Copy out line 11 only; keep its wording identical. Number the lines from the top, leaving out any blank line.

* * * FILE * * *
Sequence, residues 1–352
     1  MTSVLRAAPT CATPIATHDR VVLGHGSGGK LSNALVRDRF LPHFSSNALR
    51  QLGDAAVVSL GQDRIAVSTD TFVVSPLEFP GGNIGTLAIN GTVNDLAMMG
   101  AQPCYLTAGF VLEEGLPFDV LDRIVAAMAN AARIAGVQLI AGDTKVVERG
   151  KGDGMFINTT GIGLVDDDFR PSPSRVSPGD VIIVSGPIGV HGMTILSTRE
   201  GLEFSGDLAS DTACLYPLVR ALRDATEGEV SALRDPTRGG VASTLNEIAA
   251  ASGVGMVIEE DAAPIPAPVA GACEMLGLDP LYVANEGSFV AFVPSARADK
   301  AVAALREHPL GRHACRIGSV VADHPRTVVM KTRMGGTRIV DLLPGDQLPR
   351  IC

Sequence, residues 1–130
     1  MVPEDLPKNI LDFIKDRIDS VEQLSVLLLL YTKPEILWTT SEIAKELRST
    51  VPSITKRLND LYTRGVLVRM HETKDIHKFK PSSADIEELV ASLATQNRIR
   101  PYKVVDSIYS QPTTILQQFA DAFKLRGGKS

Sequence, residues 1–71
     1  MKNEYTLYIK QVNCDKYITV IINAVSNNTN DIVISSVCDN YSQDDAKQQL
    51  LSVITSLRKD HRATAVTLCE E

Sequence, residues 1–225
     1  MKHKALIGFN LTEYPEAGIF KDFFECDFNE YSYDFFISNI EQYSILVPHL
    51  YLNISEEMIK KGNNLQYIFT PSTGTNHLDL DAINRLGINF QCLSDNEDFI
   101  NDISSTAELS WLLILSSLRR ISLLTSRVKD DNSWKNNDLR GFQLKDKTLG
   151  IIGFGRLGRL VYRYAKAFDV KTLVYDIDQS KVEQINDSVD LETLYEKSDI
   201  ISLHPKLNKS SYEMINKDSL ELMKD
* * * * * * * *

     1  MVPEDLPKNI LDFIKDRIDS VEQLSVLLLL YTKPEILWTT SEIAKELRST